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Image: RVR repairs

Invest oil money in infrastructure, health-Survey

A survey commissioned by Oil in Uganda in Western and Central Uganda has revealed that a bigger percentage of Ugandans there would like the government to invest oil proceeds in improving road and transport infrastructure. 

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vicent kato

“Compulsory acquisition of land is the last option”

Kato Vincent is the Principal Exploration Geologist in charge of designing and implementing exploration programs in the Department of Geological Survey and Mines in the Ministry of Energy and Mineral Development. Oil in Uganda talked to him about the mining sector in Uganda.

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Prof. Zerubabel Nyiira Mijumbi (Photo: Nalubega F.)

“Oil money should fund agriculture”

Prof. Zerubabel Nyiira Mijumbi is the outgoing State Minister for Agriculture who has just been appointed Junior Fisheries Minister. He spoke to Oil in Uganda about how the extractives sector can facilitate the growth of agriculture and avoid the so-called Dutch Disease.

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Zambia: Mining companies threaten to leave over tax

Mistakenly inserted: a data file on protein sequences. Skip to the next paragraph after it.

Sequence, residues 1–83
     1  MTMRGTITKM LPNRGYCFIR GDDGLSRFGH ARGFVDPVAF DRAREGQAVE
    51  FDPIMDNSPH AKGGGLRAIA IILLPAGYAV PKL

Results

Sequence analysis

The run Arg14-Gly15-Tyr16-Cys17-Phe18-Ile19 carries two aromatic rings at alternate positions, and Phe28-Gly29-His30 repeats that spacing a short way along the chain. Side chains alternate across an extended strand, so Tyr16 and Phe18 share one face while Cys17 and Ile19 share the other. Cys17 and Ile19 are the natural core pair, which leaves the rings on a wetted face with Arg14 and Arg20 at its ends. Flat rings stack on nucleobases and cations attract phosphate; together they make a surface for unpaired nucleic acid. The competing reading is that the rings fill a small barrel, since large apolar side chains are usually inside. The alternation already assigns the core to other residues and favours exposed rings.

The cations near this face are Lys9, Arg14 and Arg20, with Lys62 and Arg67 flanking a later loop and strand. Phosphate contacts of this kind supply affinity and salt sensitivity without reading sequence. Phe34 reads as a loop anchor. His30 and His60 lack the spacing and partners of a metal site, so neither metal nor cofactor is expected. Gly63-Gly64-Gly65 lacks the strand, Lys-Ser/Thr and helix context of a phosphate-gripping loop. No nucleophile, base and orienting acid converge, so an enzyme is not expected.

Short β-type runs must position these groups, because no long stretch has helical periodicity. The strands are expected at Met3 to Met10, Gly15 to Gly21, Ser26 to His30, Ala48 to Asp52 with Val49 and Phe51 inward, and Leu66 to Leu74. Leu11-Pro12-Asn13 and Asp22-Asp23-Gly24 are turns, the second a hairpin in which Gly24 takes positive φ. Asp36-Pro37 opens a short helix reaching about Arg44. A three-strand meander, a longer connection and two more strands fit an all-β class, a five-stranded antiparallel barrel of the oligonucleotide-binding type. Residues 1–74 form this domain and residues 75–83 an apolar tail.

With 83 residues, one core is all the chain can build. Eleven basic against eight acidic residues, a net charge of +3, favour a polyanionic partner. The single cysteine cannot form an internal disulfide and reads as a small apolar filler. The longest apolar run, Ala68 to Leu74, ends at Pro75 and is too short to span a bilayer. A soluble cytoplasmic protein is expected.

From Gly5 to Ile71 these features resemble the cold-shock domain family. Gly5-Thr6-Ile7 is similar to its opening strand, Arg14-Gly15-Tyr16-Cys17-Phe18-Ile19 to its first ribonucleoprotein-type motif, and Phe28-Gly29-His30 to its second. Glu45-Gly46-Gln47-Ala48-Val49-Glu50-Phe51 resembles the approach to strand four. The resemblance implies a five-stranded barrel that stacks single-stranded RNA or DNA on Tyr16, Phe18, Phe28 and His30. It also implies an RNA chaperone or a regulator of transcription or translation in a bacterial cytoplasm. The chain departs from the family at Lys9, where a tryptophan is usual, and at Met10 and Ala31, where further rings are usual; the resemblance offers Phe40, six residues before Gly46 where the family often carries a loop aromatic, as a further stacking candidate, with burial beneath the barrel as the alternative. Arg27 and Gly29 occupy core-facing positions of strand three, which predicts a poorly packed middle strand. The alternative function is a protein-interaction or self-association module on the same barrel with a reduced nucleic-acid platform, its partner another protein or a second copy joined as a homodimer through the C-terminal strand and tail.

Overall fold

Canadian firm Barrick Gold Corporation has threatened to suspend its operations in Zambia by June and could even start laying off some of its 4,000 employees at its Lumwana mine as early as this month following the revision of the mining taxes by the Zambian government.

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Mining Community Representatives from Central Region led by Rubaga MP Ken Lukyamuzi hand over their proposals to Parliamentary Commissioner Reagan Okumu.

New mining law should recognise artisanal miners, double royalties

Representatives of mining communities and civil society in Uganda last week handed over their proposals for amendments to the country’s mining legislation that is currently under review.

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Did you Know?

Publicly listed, IPO

A company is “publicly listed” if its shares are bought and sold publicly on a stock market/stock exchange. It is owned by the shareholders (who may include both individual shareholders and “institutional investors” such as pension funds), and managed by a Board of Directors elected by an Annual General Meeting.  Private businesses, even when they are quite large, can operate lawfully without listing on a stock exchange.  Public listing, however, is a useful way for a growing company to raise capital (at first through an “initial public offering” [IPO] that offers shares in the company for sale, and later through the issue of further shares), and most of the world’s larger companies are publicly listed.  Transparency requirements for publicly listed companies are higher than for wholly private companies, because the publicly listed companies are required by law to disclose financial and other information in reports to shareholders and government authorities.

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